ERIC Number: ED381670
Record Type: RIE
Publication Date: 1995
Reference Count: N/A
Workplace Mentoring for Youth: Context, Issues, Strategies. Education Reform and School-to-Work Transition Series.
Freedman, Marc; Baker, Rachel
Concerns about the isolation of youth and the decline of available social capital have given rise to a new wave of workplace mentoring programs focused on youth in poverty. Most such programs have targeted youth in school and community settings; however, youth mentoring efforts in workplace settings are becoming increasingly prevalent for several reasons, including the perceived limitations of many current mentoring arrangements and active involvement of many corporations in mentoring outside the workplace. The newer wave of workplace mentoring involves exposing noncollege-bound youth to career options, academic counseling/tutoring, and emotional support. Youth apprenticeship programs are another arena where workplace mentoring is playing a major role. Two of the biggest issues facing formal mentoring programs are social distance and time constraints. The following suggestions have been distilled from research on the best practices in workplace mentoring programs targeting youth: (1) acknowledge mentoring as an art; (2) take the time to train mentors in advance and throughout the program; (3) orient students to the mentoring concept before matching students and mentors; (4) schedule enough time for meetings; and (5) support youth and mentors once a match has been formed. (Contains 21 references.) (MN)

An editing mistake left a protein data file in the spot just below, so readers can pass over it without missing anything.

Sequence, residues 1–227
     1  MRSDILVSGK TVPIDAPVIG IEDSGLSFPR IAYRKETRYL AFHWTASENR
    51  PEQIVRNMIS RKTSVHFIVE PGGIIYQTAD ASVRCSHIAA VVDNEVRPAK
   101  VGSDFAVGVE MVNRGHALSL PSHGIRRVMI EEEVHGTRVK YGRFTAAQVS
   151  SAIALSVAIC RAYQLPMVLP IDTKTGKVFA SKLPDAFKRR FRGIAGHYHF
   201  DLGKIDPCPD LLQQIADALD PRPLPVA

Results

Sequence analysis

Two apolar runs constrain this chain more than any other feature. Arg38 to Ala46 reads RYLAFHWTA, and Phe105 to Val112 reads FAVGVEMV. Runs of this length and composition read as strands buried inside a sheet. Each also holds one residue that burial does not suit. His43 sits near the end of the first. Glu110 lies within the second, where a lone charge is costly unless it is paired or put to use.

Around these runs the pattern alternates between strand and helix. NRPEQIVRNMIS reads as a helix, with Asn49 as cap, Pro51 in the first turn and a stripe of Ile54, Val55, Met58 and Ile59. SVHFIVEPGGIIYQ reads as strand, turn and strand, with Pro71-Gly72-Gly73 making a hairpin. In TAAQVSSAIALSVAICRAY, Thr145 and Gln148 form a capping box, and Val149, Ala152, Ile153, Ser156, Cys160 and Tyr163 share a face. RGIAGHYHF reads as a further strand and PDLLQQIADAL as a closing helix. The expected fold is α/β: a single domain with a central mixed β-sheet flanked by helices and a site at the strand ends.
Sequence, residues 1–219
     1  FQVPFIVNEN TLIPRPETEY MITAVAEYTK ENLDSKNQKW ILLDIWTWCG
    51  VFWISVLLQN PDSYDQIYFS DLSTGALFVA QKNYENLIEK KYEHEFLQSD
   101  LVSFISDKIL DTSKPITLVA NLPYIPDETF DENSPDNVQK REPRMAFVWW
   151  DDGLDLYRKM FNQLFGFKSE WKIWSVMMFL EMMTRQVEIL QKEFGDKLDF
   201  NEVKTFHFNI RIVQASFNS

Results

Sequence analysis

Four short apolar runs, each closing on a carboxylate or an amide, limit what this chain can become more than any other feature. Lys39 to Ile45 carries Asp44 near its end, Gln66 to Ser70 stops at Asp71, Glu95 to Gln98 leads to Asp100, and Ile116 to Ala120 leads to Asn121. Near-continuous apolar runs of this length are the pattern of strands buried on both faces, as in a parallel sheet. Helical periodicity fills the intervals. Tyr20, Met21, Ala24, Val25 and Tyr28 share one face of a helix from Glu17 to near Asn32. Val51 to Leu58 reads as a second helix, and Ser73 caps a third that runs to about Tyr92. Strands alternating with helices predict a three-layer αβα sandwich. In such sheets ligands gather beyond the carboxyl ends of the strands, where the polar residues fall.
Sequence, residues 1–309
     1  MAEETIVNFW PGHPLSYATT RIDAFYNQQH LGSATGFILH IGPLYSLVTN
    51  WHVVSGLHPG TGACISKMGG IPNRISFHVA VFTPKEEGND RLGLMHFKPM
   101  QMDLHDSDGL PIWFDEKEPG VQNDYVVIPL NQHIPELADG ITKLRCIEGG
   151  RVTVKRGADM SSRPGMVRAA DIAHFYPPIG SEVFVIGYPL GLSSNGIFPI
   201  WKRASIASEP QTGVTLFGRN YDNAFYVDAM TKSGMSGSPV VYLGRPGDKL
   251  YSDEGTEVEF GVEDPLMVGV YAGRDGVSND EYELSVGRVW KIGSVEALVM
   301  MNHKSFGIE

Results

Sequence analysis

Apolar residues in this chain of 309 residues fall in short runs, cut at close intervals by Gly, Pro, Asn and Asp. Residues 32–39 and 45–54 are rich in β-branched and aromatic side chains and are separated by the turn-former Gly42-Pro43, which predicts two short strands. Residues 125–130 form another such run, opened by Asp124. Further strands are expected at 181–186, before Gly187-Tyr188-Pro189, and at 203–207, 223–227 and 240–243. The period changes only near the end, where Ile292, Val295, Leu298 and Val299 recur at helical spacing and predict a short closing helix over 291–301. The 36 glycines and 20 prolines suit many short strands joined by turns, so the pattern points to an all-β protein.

Descriptors: Career Education, Education Work Relationship, Educational Benefits, Educational Needs, Educational Practices, Intergenerational Programs, Literature Reviews, Mentors, Noncollege Bound Students, School Business Relationship, Secondary Education, Theory Practice Relationship, Work Experience Programs, Youth Programs
Publication Type: Reports - Evaluative
Education Level: N/A
Sponsor: Office of Educational Research and Improvement (ED), Washington, DC.
Authoring Institution: Academy for Educational Development, Washington, DC. National Inst. for Work and Learning.
Note: For other documents in this series, see CE 068 788-791.